DISMANTLING MYTHS OF CUBAN COMMUNISM

COLABORA COMO VOLUNTARIO O CON TU DONACION PARA QUE «CUBA DECIDE» PUEDA CONTINUAR LUCHANDO POR EL DERECHO A ELEGIR DE LOS CUBANOS.

The world is unaware of the magnitude of material and social misery facing the Cuban people. Myths created by the so-called Cuban Revolution conceal an unbearable reality marked by repression and lack of opportunities. From the outside, the Cuban dictatorship is judged by its symbols and promises, not by its outcomes.

To comprehend how a simulated country, made of cardboard and propaganda, has replaced the real Cuba, let’s analyze some of these myths.


MYTH 1: THE CUBAN REVOLUTION

The youngest person who participated in the last free elections is 88 years old in 2023. Cuba has not had free elections in over 60 years. During this time, the government has been in the hands of the same individuals whom the people never voted for. They imposed communism in all state institutions and banned private enterprise. The military elite, holding political power, controls all aspects of people’s lives, from the price of sugar to the media and children’s education. The country is in a permanent crisis.

The country is in a permanent crisis.

The July 26th Movement, led by Fidel Castro, seized power by force in Cuba on January 1, 1959. At that time, they promised to restore the constitutional order that Batista’s dictatorship had broken in 1952. However, Castro was lying. The world saw images of the square filled with Cubans supposedly supporting the revolution. But the reality is that even in that moment of glory, their leaders did not believe the people would vote for them. The Castros never called for the free elections they had promised. Instead, they imposed the communist system. Censorship and mass executions of opponents condemned the country to economic dependence, first on the Soviet Union and in recent years on Venezuela, contributing to its destruction.

From the beginning, the regime proscribed all media except those owned by the communist state for internal indoctrination and foreign promotion. This distorted facts, rewrote history with lies, and nullified the experience of democratic and liberal thinking. The lie was so well-constructed that while there were tens of thousands of political prisoners in Cuban jails, and young people were sent to forced labor camps for listening to rock, holding religious beliefs, being homosexuals, or simply for not being communists, they called Cuba the island of freedom. The revolution was a lie.


MYTH 2: MEDICAL POWERHOUSE

Propaganda states that healthcare is free in Cuba, but in reality, medicines are expensive, and scarcity causes prices to multiply on the black market, making them inaccessible for many.

The regime boasts of having the best healthcare system in the world, but the quality of care and access to medications for the average Cuban are not guaranteed. According to the official narrative, we are all equal, but only the ruling class and tourists receive care in optimal hospital centers. The rest have to go to ruinous hospitals with poor hygiene and a shortage of supplies. Patients must bring their own food, sheets, and even water. Conditions are so bad that they endanger patients. For example, in 2010, in a single night, dozens of inmates in a psychiatric hospital in Havana died from cold.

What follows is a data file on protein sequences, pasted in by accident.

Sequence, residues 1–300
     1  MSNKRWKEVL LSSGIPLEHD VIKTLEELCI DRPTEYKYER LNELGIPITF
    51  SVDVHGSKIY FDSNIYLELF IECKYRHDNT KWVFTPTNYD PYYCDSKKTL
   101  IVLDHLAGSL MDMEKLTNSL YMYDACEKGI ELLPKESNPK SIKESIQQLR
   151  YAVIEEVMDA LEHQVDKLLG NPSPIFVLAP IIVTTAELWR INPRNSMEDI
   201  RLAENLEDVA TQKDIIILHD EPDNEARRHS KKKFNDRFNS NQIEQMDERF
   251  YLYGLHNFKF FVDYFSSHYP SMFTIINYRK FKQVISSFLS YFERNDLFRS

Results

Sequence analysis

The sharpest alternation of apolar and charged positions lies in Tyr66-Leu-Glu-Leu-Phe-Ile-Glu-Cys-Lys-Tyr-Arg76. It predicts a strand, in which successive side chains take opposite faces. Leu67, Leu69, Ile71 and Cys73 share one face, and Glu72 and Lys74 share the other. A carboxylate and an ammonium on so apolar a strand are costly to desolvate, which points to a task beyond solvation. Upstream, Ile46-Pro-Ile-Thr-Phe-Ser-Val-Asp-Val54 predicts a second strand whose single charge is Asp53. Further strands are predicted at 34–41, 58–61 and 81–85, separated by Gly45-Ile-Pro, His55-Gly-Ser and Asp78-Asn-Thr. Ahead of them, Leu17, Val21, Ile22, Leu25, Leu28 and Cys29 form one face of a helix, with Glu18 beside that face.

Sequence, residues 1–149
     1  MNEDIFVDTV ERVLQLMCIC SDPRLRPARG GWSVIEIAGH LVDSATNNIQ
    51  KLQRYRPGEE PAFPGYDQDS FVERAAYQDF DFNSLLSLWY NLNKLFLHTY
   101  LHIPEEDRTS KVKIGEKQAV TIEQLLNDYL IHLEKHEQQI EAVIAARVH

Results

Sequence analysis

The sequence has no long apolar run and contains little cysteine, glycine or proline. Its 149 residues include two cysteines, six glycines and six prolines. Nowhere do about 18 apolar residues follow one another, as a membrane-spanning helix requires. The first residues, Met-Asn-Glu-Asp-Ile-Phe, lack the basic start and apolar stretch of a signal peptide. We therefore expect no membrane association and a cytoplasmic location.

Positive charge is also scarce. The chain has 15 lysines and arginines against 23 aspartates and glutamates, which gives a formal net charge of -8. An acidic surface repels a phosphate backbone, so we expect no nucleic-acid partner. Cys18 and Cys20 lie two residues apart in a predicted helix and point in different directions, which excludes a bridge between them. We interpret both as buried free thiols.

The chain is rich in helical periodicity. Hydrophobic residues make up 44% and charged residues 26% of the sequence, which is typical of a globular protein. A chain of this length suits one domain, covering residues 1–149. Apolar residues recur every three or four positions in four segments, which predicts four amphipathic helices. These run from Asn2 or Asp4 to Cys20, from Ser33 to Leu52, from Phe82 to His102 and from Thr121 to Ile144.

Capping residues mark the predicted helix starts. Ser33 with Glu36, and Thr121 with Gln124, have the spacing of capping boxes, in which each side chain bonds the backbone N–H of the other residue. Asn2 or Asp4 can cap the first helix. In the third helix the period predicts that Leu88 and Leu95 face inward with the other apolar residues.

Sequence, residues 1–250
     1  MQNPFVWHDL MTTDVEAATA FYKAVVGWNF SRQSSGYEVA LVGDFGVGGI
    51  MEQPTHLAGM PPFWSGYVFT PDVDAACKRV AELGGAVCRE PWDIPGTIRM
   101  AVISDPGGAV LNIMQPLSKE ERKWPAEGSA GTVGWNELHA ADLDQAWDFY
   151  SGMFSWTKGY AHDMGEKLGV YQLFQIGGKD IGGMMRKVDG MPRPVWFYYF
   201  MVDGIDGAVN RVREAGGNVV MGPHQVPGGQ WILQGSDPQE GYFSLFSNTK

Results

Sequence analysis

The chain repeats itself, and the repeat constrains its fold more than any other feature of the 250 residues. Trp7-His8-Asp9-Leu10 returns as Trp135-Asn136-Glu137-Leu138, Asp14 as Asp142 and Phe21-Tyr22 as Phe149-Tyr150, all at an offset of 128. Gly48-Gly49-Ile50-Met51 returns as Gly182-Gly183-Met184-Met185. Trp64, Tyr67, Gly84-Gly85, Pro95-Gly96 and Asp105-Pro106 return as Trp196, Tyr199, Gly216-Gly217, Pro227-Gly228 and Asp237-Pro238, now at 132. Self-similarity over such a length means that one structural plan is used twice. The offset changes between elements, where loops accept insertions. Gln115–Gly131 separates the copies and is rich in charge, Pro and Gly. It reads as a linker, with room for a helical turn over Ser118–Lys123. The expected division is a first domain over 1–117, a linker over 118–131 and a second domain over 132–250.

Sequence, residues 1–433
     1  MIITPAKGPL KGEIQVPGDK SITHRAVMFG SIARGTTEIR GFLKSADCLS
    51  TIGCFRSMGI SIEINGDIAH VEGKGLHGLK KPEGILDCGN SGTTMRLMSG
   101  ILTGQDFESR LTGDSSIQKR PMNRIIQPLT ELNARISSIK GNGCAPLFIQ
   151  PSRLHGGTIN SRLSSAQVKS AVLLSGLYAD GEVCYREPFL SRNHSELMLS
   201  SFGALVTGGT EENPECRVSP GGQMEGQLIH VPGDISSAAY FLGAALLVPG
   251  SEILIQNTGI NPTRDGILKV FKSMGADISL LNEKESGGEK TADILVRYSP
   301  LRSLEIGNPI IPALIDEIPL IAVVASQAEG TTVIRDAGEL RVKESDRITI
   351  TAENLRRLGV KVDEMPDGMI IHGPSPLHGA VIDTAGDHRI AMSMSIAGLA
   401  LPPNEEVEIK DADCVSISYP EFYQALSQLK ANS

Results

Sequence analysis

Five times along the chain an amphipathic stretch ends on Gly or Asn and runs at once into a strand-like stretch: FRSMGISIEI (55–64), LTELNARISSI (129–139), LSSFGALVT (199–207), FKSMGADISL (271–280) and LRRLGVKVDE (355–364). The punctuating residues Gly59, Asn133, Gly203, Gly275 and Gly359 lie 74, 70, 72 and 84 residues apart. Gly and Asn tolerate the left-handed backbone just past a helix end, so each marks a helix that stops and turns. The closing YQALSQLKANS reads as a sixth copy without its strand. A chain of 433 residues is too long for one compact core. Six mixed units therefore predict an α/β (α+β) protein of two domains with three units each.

Sistema de Salud Cuba 2024
Cubans have to go to ruinous hospitals with poor hygiene and a shortage of supplies.

The irony is that in communist Cuba, there is a paid healthcare service. It is of better quality but exclusively for foreigners. These specialized centers deny care to Cubans, even if they can pay.

Health professionals are exploited and poorly paid to the point that they prefer to go abroad under semi-slavery conditions for medical missions in other countries like Venezuela. These missions are disguised with the myth of proletarian internationalism when, in reality, they are commercial agreements in which the regime keeps more than 75% of the doctors’ salaries. These missions are also used for espionage and ideological penetration. For example, out of 702 supposed Cuban doctors in Bolivia, 497 were not even graduated in medicine.


MYTH 3: EDUCATION IN CUBA

The vast majority of Cuban children can go to school, but the education system is entirely politicized and serves as a means of indoctrination and control. Children, especially those of dissidents and religious individuals, are victims of bullying by students and teachers. Young people critical of the system are expelled from university. Teachers are poorly paid, and the quality of instruction is deficient and outdated. Without the resources to train 21st-century professionals, the state graduates teachers without proper preparation in express programs and calls them emergency teachers.

Another part of the myth is the supposed free education, but the reality is that the salaries of all Cuban professionals are much below the real value of their work. While it is true that students do not pay for tuition, after completing their studies, they must perform several years of social service for an even lower salary and in a location determined by the state. With this system of semi-forced labor, the state recoups the expenses on education. Education in Cuba is not free.

School serves as a means of indoctrination and control.

MYTH 4: HUNGER IN CUBA